Could Some Baseball Guys Happen Here?
Meet a congressman who gave up dingers to Hank Aaron, the real Crash Davis, and a pitcher with the worst statistics I've ever seen.
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Could Hank Aaron Happen Here?
Hank Aaron, who died this weekend, broke Babe Ruth’s all-time home runs record, and in the process went through a lot more than you may have realized. The Winston-Salem Journal notes that Aaron signed his first professional contract, with the Indianapolis Clowns of the Negro leagues, during a stop in the city of Winston-Salem. So, very briefly, Hank Aaron happened here.
Aaron hit 755 home runs over his career, and two of them came off of a man who would go on to become a congressman from North Carolina. Wilmer Mizell, who was nicknamed “Vinegar Bend” by Harry Caray for some reason, gave up Aaron’s 61st and 161st home runs. Mizell was a major league pitcher for the Mets, Cardinals, and Pirates from 1952 until 1962, and won a world championship during his time with Pittsburgh. Five years after retiring from baseball, Mizell was elected to Congress in 1969, representing North Carolina’s 5th district (the previous inhabitant of the office was Nick Galifianakis, Zach’s uncle). He also pitched for the Republicans during Congressional baseball games, and was once pulled after two innings after striking out seven Democrats (if you’re wondering how you get seven strikeouts in two innings, Mizell said that his catcher bobbled a third strike).
Also, LOOKIT THIS MAN’S PERFECTLY SQUARE HEAD:
Could Historically Bad Baseball Happen Here?
Folks, I don’t like to be unnecessarily mean, but this isn’t an opinion so much as a brutal fact: The 1945 Concord Weavers SUCKED.
They went 34-79 and came in last place in the North Carolina State League. The only good thing that came out of that team was Tommy Lasorda, who was the manager of the Los Angeles Dodgers from 1976 until 1996. Lasorda died on January 7, and I, as a child of the 1980s, choose to remember him not so much as a player or manager but as the Dugout Wizard from old episodes of The Baseball Bunch.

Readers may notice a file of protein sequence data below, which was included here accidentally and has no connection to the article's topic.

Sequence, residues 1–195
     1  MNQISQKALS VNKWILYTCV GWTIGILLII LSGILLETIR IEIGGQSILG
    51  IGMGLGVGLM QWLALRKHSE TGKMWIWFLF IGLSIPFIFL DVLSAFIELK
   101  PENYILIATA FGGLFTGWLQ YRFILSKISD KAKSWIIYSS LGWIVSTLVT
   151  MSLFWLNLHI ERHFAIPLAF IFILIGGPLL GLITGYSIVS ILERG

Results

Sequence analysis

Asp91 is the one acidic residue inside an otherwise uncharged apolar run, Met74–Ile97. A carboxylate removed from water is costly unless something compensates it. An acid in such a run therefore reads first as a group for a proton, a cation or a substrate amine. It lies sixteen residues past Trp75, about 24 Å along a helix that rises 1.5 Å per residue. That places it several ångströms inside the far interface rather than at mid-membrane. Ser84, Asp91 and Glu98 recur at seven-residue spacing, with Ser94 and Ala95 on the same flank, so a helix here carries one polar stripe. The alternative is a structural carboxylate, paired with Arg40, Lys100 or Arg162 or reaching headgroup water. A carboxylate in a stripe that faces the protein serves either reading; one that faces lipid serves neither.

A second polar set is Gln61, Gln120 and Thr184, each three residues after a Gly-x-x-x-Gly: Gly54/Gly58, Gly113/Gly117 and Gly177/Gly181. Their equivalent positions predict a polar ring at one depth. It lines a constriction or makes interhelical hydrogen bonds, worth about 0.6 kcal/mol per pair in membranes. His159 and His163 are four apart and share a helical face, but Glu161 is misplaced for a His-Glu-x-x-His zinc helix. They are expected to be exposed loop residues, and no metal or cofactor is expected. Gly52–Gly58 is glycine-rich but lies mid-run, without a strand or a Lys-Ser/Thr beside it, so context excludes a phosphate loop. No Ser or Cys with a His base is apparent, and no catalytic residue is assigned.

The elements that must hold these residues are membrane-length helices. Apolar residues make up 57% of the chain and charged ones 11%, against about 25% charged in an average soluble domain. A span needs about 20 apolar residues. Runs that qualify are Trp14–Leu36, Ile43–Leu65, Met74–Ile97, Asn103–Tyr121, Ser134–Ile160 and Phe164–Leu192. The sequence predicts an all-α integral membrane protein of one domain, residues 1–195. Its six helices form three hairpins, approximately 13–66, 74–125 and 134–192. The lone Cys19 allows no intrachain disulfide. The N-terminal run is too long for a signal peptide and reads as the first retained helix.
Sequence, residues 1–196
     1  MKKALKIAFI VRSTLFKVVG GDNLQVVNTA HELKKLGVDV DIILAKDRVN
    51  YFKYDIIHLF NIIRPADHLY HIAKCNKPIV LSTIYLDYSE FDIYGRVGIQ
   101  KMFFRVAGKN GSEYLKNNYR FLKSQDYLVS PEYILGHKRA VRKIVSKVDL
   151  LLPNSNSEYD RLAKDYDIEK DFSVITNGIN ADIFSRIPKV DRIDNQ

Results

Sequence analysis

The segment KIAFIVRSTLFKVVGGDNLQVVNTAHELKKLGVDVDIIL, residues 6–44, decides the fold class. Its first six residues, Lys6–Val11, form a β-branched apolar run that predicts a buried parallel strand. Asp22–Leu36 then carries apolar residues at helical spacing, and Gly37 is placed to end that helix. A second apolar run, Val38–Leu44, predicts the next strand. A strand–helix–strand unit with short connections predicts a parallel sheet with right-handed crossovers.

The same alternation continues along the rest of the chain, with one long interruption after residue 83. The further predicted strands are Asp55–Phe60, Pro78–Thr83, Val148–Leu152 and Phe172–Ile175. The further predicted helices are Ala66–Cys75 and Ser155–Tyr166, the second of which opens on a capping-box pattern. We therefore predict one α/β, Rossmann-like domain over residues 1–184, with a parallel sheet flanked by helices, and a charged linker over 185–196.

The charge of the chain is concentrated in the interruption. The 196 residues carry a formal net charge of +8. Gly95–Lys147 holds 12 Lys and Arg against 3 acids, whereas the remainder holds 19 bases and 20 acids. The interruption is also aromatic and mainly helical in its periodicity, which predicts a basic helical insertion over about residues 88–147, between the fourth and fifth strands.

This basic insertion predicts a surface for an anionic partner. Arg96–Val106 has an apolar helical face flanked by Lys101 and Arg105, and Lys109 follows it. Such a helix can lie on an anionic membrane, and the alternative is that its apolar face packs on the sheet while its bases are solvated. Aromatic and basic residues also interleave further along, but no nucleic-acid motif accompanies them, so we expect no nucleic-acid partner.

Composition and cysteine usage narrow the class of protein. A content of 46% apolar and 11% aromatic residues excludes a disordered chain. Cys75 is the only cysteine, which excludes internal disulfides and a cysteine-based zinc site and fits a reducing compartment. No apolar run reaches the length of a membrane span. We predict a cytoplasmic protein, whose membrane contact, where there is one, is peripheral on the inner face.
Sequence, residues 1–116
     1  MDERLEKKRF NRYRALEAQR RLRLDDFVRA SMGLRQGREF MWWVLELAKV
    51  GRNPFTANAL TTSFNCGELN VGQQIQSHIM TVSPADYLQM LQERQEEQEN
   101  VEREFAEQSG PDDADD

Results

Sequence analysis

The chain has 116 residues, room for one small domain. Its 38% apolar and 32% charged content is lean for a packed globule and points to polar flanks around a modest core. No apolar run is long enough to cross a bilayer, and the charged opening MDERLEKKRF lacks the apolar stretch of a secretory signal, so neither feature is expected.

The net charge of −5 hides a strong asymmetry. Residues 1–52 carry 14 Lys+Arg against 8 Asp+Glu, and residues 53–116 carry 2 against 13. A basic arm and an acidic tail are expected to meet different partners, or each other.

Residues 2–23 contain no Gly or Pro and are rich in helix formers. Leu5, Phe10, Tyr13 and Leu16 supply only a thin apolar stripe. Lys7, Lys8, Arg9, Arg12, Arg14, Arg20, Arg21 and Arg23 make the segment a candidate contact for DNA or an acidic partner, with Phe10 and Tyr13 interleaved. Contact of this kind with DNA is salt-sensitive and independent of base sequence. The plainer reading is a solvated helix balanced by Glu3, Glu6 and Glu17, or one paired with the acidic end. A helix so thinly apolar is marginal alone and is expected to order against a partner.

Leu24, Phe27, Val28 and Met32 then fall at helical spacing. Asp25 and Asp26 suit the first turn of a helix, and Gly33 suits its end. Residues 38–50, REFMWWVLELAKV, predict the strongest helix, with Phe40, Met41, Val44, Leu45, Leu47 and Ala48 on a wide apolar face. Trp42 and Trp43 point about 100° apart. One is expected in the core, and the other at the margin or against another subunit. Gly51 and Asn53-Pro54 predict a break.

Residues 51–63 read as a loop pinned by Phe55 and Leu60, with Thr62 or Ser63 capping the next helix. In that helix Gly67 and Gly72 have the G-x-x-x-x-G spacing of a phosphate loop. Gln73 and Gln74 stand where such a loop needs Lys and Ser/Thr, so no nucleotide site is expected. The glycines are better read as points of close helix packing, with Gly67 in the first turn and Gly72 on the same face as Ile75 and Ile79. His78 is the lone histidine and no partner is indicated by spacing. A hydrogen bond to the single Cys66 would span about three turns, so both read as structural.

Keeping with the theme: Tommy Lasorda also happened here. At age 17, he debuted for the godawful 1945 Weavers, and finished 3-12 in Concord as a pitcher. (He did, um, get better.) That is a bad record, but one of his teammates had it worse:
Imagine, if you will, being 16 years old, playing your first season of pro ball, and getting shellacked every single time you took the mound. His complete statline shows that it wasn’t entirely his fault: Over 71 innings pitched, Honas gave up 84 earned runs, and another 45 unearned runs. He allowed more total runs than he did hits. He also gave up 91 walks. Basically, almost every time Honas faced a batter, he allowed a hit, walked a guy, or one of his teammates committed an error. Despite all of this, Honas threw 4 complete games! FOUR COMPLETE GAMES! Honas’s manager, a guy named John Lehman, left him twisting in the wind for an entire outing four times. That means in the other 16 games Honas appeared in, he only pitched for an AVERAGE of two innings.